But if you are a crocodile the warm, nutrient-rich water are a feeding bonanza. Dozens of American crocodiles line the riverbanks sunbathing in statue-like stillness. Others ply the water for a meal, their nostrils and unblinking eyes the only hint of the killing machine below. With an estimated 25 crocodiles per square kilometer, the river has one of the highest croc populations in the world.
Most people would not see Tarcoles River as a potential tourism attraction, but where others saw lemons, one man saw an opportunity for lemonade. Dr. Mario F. Orjuela, a veterinarian from Columbia who specialized in crocodiles, iguanas, snakes and toads, was struck by the area’s richness on his first visit in 1993. “While undertaking survey expeditions and night excursions, I began thinking of a way to show this hidden treasure to visitors, to let them know in an educative way about the fascinating creatures and the ecosystem of this tropical paradise. And so the ‘Jungle Crocodile Safari’ was born,” he said.
Dr. Orjuela died several years ago – a victim of crime, not crocodiles- but his company lives on. Over 6,000 people come from around the world each year to see these muscular river juggernauts. Two-hour tours on covered boats with open sides allow unobstructed views of 100+ bird species and the main event, crocodile feeding.
When I took a tour with Miles Phillip and his Texas A&M AgriLife Extension best practices’ tour, we met up with one of the Jungle Crocodile Safari’s managers. Willie, explained the challenges of co-existing with reptiles that bite is fifty times stronger than a humans, “There are two words to describe crocodiles – prehistoric and unpredictable.”
So it was with some anxiety that I watched our guide, Andrey sidle our boat up next to a very big croc and cut the engine. “This is Tyson,” Andrey said, pulling the croc’s tail into the boat and pointing out where National Geographic researchers had made a notch, “he’s the biggest crocodile on the river and named after Mike Tyson, the fighter.”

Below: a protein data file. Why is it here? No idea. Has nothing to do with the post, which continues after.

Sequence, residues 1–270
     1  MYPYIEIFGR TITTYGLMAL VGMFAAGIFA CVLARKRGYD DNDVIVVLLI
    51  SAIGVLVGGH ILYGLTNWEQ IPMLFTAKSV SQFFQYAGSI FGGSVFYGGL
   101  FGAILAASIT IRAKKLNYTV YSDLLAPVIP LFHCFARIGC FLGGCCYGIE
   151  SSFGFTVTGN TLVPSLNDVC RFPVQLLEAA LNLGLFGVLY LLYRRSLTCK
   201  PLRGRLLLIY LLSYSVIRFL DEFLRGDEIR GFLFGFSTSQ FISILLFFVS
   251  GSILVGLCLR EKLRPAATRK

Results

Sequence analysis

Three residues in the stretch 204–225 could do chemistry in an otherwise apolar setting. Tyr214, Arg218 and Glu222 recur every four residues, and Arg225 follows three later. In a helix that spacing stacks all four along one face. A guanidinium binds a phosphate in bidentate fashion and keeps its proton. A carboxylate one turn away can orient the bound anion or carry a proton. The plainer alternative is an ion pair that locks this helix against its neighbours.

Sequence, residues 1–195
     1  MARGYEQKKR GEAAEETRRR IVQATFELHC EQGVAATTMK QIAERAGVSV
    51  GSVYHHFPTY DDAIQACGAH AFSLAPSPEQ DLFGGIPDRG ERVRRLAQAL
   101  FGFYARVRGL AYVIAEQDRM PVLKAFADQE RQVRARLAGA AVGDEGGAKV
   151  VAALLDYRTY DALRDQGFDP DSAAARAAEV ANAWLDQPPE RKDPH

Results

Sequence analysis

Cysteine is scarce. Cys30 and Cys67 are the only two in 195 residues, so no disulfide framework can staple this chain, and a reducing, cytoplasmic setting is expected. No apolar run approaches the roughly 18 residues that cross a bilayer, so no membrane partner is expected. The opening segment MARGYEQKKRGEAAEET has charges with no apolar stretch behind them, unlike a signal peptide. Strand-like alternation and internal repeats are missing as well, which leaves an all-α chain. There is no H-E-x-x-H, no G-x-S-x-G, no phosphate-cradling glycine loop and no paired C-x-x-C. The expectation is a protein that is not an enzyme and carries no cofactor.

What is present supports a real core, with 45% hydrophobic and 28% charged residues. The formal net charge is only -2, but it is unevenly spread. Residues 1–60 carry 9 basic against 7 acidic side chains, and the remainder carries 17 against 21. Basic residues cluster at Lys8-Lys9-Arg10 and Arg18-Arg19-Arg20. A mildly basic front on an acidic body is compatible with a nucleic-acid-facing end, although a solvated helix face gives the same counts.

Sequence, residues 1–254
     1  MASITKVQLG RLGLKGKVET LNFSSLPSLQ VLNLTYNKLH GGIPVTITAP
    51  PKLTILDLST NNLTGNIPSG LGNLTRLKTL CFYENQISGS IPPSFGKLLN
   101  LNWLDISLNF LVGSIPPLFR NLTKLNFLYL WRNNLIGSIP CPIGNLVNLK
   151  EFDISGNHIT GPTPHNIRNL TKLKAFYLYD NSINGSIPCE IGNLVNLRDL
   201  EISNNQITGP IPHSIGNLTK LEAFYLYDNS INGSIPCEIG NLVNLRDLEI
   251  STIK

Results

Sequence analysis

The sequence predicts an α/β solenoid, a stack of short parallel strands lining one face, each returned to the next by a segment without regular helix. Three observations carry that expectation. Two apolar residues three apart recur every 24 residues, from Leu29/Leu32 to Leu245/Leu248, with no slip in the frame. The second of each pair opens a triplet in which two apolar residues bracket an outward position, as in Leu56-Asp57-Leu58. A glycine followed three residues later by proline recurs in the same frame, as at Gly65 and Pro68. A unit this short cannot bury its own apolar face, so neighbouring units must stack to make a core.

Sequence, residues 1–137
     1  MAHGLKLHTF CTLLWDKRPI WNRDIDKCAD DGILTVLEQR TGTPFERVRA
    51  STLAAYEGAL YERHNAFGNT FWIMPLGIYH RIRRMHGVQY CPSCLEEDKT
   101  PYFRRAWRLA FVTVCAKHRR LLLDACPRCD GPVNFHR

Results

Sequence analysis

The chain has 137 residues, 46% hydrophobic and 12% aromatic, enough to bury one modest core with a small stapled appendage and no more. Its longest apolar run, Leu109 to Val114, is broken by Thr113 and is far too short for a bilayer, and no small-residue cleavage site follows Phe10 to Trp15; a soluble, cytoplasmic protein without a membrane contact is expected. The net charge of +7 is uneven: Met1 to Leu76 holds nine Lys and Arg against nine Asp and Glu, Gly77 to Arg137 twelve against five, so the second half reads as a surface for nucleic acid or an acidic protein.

Tyson didn’t seem to mind the tail handling and lay with an unblinking stare that could mean either ‘I’m full’ or “you look like my next meal”. Andrey left the safety of the boat and stepped into the chocolate-colored mud a meter from Tyson’s head with a kilogram of raw chicken in his hand. Realizing a bad day on my job was never as grim as a good day for a crocodile guide, Andrey proceeded to swat 300 kilograms of wild crocodile on the nose with raw meat.
Crocodiles are capable of great speed bursts and I wondered how Andrey knew if the croc would be satisfied with the chicken or go for the whole enchilada. Tyson didn’t appear interested in the free meal so Andrey readjusted his position, moving slowly to avoid losing his footing on the slippery bank, before hitting the croc harder. Tyson’s jaws opened, shutters clicked in rapid staccato, and the chicken disappeared. Andrey jumped back in the boat. “Is this a well-paying job?” I asked, thinking the risk of losing a limb would be well compensated, but apparently not. “If I want to support a family, I will need to get another job,’ he replied.
However Andrey’s efforts have their own rewards. Since the tours started, crocodiles kill fewer fishermen. Willie said, “We try to feed the crocodiles up river and away from the mouth of the river where the fishermen are. And we have removed 10,000 tires from the river. It is the cleanest it has ever been.”
While Tarcoles River still looked polluted to me, the signs advertising crocodile tours scattered through Tarcoles town indicated Dr. Orjuela’s vision had been realized. Visitors are seeing the biotic richness of the Tarcoles River and locals are seeing richness from crocodiles and the tourism dollars they bring. An excellent example of turning lemons into crocodile-style lemonade!
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Discover why visitors are now seeing the biotic richness of the Tarcoles Rivers instead of the pollution: Click to Tweet.